Same-sex couples across Alabama are celebrating this evening after a federal judge effectively overturned the state’s long-standing ban on gay marriage, but the couple at the center of the case in Mobile has been legally married for six years.
Cari Searcy and Kimberly McKeand made headlines earlier this year when they filed suit against the state and others after Searcy’s attempts to adopt McKeand’s biological son failed in both the Mobile County Probate Court and the Alabama Civil Court of Appeals.
Today, they’re dancing in celebration with their son Khaya, with whom they will share equal legal rights if the precedents set today remain in place. The couple held a brief press conference at Lap’s Grocery and Grill tonight to celebrate and to thank a community they say has provided tremendous support.
“It’s been nine years, and we’ve been told over and over again, ‘it can’t be done here in Alabama, just wait on a federal ruling,’” Searcy said. “We knew that it was possible and that if we presented the case in a smart, educated and strategic way, there was no way they could deny us, and that’s what happened. We’re very proud of Alabama tonight.”
Christine Hernandez, who has represented the couple along with David Kennedy, said her clients’ next step is finalizing Khaya’s adoption.
“At this point, we will respond to the motion filed by (Alabama Attorney General) Luther Strange earlier today, and we’ll have to wait and see if Judge Callie S. Granade issues a stay,” Hernandez said. “Perhaps, to some degree, the 11th Circuit has already tipped its hand with ruling in Florida, but I’m sure the Attorney General will file for an emergency stay with the 11th Circuit Court of Appeals.”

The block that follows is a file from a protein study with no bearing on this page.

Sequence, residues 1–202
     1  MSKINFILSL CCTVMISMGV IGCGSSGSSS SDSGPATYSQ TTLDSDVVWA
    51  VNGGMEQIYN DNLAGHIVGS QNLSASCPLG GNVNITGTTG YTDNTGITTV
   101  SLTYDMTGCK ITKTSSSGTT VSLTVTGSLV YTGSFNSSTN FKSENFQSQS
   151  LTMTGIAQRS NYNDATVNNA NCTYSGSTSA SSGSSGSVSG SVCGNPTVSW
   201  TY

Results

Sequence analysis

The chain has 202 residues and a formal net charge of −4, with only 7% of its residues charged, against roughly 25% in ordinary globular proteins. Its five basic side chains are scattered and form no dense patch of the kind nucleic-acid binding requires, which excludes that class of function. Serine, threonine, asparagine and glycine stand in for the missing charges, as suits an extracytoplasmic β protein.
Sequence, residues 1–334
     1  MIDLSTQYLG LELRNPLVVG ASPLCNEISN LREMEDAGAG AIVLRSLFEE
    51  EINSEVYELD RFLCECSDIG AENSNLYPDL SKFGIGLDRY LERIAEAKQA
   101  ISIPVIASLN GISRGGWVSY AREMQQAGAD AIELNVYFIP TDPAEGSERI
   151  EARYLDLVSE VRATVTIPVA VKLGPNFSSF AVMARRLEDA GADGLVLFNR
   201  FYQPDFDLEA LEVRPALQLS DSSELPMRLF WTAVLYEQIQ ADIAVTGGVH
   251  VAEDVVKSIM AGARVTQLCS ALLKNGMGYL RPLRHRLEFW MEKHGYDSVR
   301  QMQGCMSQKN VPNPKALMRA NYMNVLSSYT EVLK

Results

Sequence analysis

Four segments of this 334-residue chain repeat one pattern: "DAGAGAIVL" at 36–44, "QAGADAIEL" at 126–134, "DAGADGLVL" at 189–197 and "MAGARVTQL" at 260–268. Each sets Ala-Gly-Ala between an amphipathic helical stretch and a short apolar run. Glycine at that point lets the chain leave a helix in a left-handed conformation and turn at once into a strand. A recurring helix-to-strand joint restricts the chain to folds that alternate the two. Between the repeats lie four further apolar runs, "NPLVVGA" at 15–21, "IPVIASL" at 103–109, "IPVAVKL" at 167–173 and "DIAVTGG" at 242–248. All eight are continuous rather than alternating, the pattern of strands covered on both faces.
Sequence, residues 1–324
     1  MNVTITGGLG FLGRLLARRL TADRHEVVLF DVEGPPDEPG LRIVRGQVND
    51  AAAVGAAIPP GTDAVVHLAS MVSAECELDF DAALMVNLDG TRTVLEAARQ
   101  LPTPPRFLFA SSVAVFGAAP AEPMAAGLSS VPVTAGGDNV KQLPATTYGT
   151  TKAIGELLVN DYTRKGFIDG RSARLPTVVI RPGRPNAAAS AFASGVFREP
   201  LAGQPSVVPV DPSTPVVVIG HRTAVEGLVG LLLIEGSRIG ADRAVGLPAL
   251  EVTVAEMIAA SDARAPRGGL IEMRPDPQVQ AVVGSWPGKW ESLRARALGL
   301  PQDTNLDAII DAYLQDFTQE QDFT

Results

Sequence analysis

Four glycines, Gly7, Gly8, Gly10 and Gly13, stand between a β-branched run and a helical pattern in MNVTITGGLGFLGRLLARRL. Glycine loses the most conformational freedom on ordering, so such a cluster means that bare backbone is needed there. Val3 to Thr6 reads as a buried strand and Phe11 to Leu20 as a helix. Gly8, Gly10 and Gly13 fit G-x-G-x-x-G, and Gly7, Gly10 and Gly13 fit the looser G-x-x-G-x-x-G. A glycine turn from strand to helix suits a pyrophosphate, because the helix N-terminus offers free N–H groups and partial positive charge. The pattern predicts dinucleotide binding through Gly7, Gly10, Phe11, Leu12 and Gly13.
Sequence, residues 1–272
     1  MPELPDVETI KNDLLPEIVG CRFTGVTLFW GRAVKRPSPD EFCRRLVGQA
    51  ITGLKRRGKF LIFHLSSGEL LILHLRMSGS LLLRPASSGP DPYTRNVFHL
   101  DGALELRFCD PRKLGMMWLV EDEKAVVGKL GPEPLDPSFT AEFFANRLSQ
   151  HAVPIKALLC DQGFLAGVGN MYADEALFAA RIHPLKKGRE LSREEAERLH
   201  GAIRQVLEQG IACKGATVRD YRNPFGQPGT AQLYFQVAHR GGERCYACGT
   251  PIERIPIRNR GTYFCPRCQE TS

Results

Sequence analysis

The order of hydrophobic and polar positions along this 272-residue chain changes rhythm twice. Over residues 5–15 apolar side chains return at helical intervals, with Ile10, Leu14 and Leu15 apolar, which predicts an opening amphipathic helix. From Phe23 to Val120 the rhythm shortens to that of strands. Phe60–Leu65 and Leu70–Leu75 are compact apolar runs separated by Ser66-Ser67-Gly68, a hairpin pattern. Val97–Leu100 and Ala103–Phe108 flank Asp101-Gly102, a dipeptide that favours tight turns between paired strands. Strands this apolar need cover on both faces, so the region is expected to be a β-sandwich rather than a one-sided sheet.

Hernandez said one difference between a judge’s ruling in Alabama and the recent same-sex marriage ban overturned in Florida is that Judge Granade didn’t include a mandatory time period before a stay could be issued or marriages could be performed or considered legal.
Despite the good news, both Hernandez and Kennedy said the battle is far from over, and they are ready to continue the fight. Kennedy said he viewed the situation as an issue of right or wrong that is and has always been about protecting families.
Asked about the possibility of the case moving on to the U.S. Supreme Court, Hernandez said, “I got certified to practice before the U.S. Supreme Court last December. We’re ready.”
As for Searcy and McKeand, they’re just happy their son will no longer have to deal with the “uphill battle” his parents have fought for nine years.
“Same-sex marriage gets sensationalized and I think lot of times people don’t really understand what these laws mean to our families,” McKeand said. “It’s been nine years that we’ve tried to educate people for our family’s sake and our son’s sake, so he’s not ashamed of his family and so he can learn how to talk about it. In the meantime, all this has happened.”